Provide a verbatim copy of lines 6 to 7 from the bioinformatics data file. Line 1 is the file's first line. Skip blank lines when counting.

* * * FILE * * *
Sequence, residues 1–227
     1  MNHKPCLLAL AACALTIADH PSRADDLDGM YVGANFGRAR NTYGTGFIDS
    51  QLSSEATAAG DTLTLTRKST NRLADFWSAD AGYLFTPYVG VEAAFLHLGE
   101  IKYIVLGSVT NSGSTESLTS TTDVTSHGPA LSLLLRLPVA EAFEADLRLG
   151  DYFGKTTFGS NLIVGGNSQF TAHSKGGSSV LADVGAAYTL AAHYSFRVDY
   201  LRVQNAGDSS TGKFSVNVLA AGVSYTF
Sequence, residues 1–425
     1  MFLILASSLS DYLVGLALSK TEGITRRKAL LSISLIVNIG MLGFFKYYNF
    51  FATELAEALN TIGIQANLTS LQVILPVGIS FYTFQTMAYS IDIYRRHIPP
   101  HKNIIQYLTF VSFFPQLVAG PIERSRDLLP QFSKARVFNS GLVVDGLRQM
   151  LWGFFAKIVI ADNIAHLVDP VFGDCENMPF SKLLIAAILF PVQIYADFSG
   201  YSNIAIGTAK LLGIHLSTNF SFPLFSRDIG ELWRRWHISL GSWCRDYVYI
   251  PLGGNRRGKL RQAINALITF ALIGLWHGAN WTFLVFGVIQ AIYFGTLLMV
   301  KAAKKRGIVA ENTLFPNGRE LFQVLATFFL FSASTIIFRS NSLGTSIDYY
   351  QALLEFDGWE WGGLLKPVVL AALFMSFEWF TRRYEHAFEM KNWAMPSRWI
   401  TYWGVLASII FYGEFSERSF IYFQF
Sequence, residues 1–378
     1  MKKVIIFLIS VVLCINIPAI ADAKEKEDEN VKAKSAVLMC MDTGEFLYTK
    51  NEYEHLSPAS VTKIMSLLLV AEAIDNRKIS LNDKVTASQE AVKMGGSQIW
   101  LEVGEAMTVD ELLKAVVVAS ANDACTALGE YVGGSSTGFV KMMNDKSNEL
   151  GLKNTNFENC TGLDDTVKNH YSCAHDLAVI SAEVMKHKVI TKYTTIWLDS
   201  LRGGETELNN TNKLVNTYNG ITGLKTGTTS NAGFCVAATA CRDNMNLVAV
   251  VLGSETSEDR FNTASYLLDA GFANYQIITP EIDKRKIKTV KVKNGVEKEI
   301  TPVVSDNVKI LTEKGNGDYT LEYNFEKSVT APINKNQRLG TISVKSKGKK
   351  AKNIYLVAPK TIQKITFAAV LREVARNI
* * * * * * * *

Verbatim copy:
   201  LRVQNAGDSS TGKFSVNVLA AGVSYTF
Sequence, residues 1–425